After the idea was hatched, the basics were built, the gaps were filled, and the extras were added, we had made incredible progress in the two years since forScore's debut. Despite all of our progress, though, and our intense efforts to make forScore as fast as possible, we knew there was more to be done.
The benefits of building forScore around standard PDF files is obvious, but downsides are less so: bad scans, huge file sizes, and decades of file format baggage can cause big slowdowns (the iPad 3, Apple's newest device at the time, was actually a step backwards in performance). The majority of our customers having issues weren't complaining about features, they were complaining about the speed of page turns, and we knew we had to fix it.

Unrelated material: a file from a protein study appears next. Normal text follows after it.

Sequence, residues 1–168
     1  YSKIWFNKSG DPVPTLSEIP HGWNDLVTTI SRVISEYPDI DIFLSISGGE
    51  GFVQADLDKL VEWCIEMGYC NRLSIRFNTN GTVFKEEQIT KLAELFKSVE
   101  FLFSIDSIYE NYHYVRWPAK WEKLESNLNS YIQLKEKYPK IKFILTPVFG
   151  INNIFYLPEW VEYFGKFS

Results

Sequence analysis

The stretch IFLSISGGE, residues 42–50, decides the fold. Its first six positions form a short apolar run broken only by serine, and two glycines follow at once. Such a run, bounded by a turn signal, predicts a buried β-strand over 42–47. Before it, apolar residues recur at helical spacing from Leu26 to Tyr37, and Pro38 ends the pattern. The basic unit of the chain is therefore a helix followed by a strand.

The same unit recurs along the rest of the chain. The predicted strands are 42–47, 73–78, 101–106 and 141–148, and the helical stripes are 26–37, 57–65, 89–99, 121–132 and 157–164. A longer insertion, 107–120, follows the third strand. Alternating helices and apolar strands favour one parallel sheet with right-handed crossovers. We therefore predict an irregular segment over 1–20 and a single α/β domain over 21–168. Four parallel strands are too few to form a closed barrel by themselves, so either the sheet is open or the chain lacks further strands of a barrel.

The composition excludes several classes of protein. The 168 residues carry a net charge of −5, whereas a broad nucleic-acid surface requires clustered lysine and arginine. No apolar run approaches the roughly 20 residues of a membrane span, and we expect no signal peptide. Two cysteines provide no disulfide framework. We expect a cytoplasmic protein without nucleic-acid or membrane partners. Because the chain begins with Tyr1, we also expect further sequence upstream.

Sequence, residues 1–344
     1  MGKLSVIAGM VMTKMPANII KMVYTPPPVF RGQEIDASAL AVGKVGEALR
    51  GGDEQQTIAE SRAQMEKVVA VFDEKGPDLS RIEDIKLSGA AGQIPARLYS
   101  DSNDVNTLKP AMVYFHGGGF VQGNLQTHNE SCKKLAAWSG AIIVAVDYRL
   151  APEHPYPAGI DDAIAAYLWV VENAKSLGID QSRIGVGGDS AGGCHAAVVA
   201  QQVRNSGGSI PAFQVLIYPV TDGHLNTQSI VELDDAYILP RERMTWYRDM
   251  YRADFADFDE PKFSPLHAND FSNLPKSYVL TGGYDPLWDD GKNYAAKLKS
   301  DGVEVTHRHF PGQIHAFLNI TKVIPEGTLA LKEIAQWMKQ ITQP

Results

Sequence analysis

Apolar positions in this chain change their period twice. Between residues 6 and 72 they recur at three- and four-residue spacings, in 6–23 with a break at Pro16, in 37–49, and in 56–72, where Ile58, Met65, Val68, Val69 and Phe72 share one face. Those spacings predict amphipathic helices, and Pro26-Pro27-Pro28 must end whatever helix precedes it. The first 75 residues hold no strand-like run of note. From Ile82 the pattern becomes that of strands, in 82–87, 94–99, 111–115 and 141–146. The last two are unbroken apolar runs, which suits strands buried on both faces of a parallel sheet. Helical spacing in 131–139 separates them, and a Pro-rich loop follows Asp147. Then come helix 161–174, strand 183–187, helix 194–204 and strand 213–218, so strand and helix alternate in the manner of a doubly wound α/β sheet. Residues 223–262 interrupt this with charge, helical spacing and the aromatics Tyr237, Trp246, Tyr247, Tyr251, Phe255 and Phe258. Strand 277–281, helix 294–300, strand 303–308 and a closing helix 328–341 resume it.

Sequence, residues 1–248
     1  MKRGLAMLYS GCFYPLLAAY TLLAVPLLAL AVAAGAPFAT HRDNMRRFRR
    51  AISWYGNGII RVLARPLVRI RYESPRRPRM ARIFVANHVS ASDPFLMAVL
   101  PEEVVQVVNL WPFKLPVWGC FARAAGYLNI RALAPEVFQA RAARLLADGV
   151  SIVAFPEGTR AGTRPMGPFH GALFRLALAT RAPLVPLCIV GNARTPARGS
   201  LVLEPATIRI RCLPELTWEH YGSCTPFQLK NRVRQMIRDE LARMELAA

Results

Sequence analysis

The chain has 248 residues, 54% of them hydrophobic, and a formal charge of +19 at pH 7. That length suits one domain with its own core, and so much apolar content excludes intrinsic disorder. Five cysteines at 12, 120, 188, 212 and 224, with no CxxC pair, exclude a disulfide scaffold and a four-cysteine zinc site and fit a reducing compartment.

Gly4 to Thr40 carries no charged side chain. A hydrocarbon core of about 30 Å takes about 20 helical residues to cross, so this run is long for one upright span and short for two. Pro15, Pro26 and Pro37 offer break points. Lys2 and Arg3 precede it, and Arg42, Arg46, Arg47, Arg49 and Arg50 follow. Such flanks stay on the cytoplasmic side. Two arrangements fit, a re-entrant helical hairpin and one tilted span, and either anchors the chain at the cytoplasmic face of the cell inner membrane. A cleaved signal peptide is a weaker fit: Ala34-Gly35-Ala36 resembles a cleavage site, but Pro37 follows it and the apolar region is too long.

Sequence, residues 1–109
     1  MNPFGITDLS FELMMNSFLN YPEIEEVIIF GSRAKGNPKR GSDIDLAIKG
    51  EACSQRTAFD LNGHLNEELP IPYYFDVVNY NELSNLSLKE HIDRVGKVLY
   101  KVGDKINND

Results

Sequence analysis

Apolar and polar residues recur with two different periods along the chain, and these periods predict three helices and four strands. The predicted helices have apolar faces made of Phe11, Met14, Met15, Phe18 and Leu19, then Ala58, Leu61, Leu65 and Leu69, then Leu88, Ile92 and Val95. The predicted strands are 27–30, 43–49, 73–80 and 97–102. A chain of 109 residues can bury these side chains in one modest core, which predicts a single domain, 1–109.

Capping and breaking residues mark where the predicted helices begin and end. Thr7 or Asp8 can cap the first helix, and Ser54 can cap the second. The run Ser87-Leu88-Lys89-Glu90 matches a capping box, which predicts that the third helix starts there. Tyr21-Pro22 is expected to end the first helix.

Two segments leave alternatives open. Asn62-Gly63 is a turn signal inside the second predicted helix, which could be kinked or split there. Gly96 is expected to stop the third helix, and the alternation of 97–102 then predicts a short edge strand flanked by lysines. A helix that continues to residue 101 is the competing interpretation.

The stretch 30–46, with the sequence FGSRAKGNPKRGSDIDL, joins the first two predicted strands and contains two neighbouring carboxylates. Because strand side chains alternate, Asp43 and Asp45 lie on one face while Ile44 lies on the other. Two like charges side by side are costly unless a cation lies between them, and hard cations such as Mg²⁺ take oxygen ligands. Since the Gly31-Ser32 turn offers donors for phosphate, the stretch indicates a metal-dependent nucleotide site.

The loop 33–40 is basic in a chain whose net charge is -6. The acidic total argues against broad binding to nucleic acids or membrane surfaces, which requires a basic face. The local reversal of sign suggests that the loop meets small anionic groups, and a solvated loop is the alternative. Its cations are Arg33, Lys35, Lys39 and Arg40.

With 4.0, we created an incredible adaptive page caching system that made an amazing difference (it's proven to be so effective that it still powers forScore today with few changes).
We also launched our in-app storefront. Since version 1.0 with its built-in collection of public domain scores, we knew that forScore had the potential to be a powerful distribution tool, not just a reader, and with people complaining about the sluggishness of their files, now was the right time to raise the bar. We couldn't fix people's files, but we could give them a better way of finding new music.